BOWMAN: Well, the Marines in particular saw it as important. They said, listen, this is at a key intersection of important roads in the area. And, again, they were talking about the Taliban having a safe haven there. They said it's psychologically important to the Taliban. Not only did they stockpile arms and lace this whole area with roadside bombs, they also had drug labs there too, which was used to finance the insurgency.

Now, the British had a different view. Other parts of the province, the more populated areas, they saw as more important. They wanted to focus on that part of the province, a little south of Sangin. Now, listen to Lieutenant General Richard Mills. He commanded all coalition troops in Helmand province.

LIEUTENANT GENERAL RICHARD MILLS: Well, it was the area which the British command felt was not as important as, say, the center of the province.

BOWMAN: And you considered it more important than the British did then?

MILLS: I considered it absolutely key.

BOWMAN: Now, it wasn't just the British who were skeptical about this, but the American command in Kabul, as well. They also agreed that the more populated areas in Helmand had to be secured. And there was some questions about whether the Marines can secure the more populated areas, and then take on this added role of going into Sangin and taking the fight to the Taliban.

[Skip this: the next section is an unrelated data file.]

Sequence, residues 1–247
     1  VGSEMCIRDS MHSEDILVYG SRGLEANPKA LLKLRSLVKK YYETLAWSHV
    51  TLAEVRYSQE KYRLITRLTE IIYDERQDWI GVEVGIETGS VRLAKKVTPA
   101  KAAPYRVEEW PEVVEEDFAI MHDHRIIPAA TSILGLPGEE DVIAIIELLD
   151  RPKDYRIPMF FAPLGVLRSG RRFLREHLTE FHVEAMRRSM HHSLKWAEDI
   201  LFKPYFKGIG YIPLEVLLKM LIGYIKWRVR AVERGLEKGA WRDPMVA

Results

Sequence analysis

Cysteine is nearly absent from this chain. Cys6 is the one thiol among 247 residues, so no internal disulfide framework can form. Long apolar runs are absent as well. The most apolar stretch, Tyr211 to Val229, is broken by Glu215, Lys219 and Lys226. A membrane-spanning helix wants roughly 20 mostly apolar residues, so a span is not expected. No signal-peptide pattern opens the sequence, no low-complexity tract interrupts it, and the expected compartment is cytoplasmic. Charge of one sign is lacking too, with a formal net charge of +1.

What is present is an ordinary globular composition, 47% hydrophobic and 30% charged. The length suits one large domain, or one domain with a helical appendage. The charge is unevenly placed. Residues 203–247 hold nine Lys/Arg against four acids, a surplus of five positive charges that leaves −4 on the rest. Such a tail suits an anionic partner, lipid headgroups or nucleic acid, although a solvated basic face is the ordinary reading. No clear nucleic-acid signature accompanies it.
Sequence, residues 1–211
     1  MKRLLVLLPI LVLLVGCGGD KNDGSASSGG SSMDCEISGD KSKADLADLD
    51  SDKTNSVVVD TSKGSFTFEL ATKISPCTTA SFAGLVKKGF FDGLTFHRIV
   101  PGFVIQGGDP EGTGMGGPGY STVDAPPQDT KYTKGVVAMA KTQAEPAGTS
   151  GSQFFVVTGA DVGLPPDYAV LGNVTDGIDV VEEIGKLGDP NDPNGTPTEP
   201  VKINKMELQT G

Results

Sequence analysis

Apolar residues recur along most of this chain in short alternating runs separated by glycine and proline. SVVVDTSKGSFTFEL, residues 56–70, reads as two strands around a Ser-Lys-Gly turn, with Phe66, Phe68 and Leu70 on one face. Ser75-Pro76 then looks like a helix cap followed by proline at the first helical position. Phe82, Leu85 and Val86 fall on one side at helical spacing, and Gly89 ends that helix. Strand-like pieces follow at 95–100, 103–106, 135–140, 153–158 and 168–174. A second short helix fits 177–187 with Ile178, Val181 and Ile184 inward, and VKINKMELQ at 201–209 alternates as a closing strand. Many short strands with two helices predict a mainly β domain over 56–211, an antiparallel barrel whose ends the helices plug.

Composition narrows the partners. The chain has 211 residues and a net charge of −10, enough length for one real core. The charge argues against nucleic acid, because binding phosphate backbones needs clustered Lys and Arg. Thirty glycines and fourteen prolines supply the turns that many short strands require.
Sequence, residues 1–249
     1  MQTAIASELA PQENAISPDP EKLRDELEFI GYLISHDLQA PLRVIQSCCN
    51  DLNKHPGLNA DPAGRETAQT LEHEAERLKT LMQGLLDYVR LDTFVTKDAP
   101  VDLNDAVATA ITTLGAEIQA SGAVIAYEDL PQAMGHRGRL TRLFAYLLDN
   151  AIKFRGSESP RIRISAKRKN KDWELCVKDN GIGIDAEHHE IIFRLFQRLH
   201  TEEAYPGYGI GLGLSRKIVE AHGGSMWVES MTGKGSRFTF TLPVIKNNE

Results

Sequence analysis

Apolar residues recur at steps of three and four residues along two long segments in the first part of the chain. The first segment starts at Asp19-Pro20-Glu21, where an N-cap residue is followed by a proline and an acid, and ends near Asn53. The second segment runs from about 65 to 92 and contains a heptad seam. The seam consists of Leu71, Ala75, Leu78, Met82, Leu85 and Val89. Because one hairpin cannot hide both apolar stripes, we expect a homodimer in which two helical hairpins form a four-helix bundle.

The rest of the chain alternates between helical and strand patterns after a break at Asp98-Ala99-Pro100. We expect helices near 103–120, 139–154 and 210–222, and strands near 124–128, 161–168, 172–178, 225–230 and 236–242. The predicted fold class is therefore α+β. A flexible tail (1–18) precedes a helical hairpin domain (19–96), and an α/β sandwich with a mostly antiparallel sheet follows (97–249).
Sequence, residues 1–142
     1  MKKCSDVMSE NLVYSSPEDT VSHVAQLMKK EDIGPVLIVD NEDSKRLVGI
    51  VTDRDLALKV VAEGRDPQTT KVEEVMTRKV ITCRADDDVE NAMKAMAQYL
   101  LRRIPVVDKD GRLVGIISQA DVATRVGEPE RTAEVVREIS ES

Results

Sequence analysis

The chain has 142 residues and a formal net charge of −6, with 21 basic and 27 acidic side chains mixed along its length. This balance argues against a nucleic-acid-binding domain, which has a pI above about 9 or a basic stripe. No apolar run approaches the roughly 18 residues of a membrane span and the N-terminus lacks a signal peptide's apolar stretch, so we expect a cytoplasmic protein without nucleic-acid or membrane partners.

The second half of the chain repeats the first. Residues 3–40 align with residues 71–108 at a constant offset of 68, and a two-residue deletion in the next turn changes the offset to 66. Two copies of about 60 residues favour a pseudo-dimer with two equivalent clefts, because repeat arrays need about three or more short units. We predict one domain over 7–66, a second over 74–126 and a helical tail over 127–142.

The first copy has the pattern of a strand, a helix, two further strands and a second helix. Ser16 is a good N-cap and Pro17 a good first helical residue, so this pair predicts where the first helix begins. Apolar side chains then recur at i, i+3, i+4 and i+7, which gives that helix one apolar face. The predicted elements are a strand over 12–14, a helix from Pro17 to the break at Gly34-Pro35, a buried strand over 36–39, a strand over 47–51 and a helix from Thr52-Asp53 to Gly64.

RAZ: Tom, earlier we heard the battalion commander, Colonel Morris, he was wondering what they were doing wrong. As the casualties mounted in this battalion, did anyone else wonder, you know, the same thing?

BOWMAN: Everybody was asking the same question, including back at the Pentagon. Top Pentagon leaders actually wanted to pull Darkhorse Battalion out for a rest...

RAZ: Wow.

BOWMAN: ...to try to find out what's going on. The Marines, both at the Pentagon and in Helmand province, said absolutely not. Now, here's General Rich Mills again. I asked him that question.